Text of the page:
As you read this article, put yourself in the mind of your customer: a small business owner. Maybe you once were a small business owner. Maybe you can draw on a marketing persona you’ve developed.

Whatever it takes, draw on that idea.

You need outside support for HR functions, for your technology needs, for your finances, for insurance. You need everything.

Imagine that every time you search for a new vendor you need to go through this process:

  1. Research the topic.
  2. Research service providers.
  3. Compare their rates.
  4. Enroll.
  5. Integrate the vendor with other services.
  6. Manage the bill.
  7. Maintain the ongoing vendor relationship.

Welcome to the exhausting multistep process your small business customers go through every time they look for a new vendor. That is, this the process they go through when they don’t have access to a one-stop small business marketplace.

The growing prevalence of online B2B marketplaces

More and more businesses are making digital strides. The International Data Corporation (IDC) predicted that worldwide digital transformation investments will reach $7.1 trillion in the coming years.

In this kind of environment, higher proportions of new small businesses will be digital natives.

European financial services firm iBe projected that 30% of B2B online sales will be conducted through marketplaces by 2024.

The message is clear. If your SMB customers don’t already have a preferred B2B marketplace, you have the opportunity to provide them with their entrance into a world that’s ripe for expansion, and ready to grow just as the SMB does. You can be the company that helps them take the first step down the path they’re already headed toward.

Not convinced that’s the way the wind is blowing? Want to explore why SMBs would want to access small business products and services through B2B marketplaces like integrated platform ecosystems? Here are four main reasons.

1. Reduce costs

B2B marketplaces enable customers to comparison shop right at their fingertips. If they use a simplified platform ecosystem, they’ll have price transparency right in front of their eyes instead of having to wade through multiple sales pitches over the course of several meetings, during which they have to negotiate and play various competing offers against each other.

Instead, small business owners can select the plan that best suits their needs for a price they can afford.

They can also more easily visualize bulk-purchasing price breaks and alter service orders as needed.

Bundling products together in a platform ecosystem, with rates negotiated by the platform, could also help customers spend less on any single small business service vendor.

2. Streamline reporting

SMBs, in particular, often don’t have the in-house capabilities they need to closely monitor, audit, analyze, report and improve their operational procedures. They’re too busy focusing on their core business functions, differentiating their service and enhancing their operations. Most entrepreneurs didn’t go into business to pore over spreadsheets about payroll, departmental budgets and bounce rates.

Platform ecosystems that integrate B2B marketplaces with centralized dashboards can seem like heaven-sent multipurpose tools for small business owners.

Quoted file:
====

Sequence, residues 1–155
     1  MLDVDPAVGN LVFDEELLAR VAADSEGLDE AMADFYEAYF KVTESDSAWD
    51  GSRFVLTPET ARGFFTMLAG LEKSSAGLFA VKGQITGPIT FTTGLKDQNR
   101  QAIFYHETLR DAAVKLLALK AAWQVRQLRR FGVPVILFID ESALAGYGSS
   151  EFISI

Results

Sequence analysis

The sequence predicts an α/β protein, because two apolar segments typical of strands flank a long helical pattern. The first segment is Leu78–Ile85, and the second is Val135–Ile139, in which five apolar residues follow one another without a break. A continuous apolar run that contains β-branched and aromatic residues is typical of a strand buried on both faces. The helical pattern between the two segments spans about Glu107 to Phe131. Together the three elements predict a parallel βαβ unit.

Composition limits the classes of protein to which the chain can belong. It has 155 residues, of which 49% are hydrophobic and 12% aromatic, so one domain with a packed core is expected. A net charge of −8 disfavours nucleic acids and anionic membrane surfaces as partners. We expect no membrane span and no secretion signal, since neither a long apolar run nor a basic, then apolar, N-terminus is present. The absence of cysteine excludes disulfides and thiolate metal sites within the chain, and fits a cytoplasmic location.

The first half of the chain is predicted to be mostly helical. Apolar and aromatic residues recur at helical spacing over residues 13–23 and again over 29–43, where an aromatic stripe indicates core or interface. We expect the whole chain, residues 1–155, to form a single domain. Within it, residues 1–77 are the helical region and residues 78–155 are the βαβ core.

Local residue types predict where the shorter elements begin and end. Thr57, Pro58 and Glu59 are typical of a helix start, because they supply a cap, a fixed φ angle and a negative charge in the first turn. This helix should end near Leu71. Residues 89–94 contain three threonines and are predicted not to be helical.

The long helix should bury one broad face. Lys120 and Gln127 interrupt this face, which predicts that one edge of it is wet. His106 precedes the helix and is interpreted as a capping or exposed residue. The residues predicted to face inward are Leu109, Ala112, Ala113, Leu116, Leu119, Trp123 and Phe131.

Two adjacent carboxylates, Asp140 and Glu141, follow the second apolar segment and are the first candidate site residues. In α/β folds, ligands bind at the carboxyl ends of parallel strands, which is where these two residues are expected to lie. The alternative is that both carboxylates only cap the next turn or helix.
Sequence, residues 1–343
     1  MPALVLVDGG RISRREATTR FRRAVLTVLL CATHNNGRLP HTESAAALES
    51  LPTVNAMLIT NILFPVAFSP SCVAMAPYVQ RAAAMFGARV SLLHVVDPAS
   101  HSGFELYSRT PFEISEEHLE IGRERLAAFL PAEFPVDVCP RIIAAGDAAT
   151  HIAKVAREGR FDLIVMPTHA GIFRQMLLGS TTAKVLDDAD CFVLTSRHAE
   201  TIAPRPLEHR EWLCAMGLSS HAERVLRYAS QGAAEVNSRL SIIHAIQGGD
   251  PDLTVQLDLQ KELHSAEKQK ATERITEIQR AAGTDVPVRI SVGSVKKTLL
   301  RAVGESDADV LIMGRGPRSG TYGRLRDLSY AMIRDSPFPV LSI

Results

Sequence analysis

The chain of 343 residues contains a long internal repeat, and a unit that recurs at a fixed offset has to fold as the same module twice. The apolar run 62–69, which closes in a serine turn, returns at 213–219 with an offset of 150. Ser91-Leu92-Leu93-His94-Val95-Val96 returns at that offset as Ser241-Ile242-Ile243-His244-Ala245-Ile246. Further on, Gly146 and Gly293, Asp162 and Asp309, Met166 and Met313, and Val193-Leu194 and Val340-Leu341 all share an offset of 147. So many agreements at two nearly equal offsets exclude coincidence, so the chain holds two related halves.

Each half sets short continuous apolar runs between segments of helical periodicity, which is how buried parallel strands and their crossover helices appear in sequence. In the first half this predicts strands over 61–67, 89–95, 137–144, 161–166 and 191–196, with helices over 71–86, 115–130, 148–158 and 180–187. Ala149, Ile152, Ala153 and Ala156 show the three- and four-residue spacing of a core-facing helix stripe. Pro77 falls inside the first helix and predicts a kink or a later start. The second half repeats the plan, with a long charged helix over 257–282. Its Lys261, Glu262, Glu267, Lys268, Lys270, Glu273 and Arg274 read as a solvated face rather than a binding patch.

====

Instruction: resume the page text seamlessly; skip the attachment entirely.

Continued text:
By placing information about multiple vendors and suppliers alongside various performance metrics at the fingertips of their end users, these platforms multiply value for their customers.

This type of holistic view empowers users to make informed decisions without sifting through dozens of documents and synthesizing information from scores of sources.

3. Lower administrative burden

Reporting is only the beginning of the benefits that SMBs can realize from leveraging rolled-up B2B marketplaces and business management platforms.

Simplified billing processes connected to the user’s accounting systems will improve payment processing on the front end while reducing errors that have to be remediated later.

Having a centralized command center for business dashboards can also minimize the time the end user spends with customer support. As long as the platform has robust and responsive customer support capabilities and can serve as a go-between with various integrated services and solutions, the platform user won’t have to waste time troubleshooting on the phone with multiple programs or suppliers.

Generally speaking, using an online B2B marketplace also reduces administrative burden compared to working with offline vendors. Ordering online usually takes a fraction of the time that you would otherwise spend chasing down vendors on the phone and scheduling time to talk through your concerns.

4. Ensure quality control

Like most of our points, this one also depends on the particular B2B marketplace or platform ecosystem that the SMB uses. In most cases, however, users can expect that the vendors they select through these sources have been vetted and meet the platform’s accepted quality standards. If nothing else, the vendor or supplier can be booted from the platform for violating service terms or quality protocols. Platform partners have an incentive to maintain standards.

Some marketplaces may provide the end user with access to only a small number of vetted options that have been fully integrated into the platform.

If you provide solutions or services for SMBs, find out what it means to partner with Company.com to roll out a white-labeled B2B marketplace that provides added value for your SMB customers.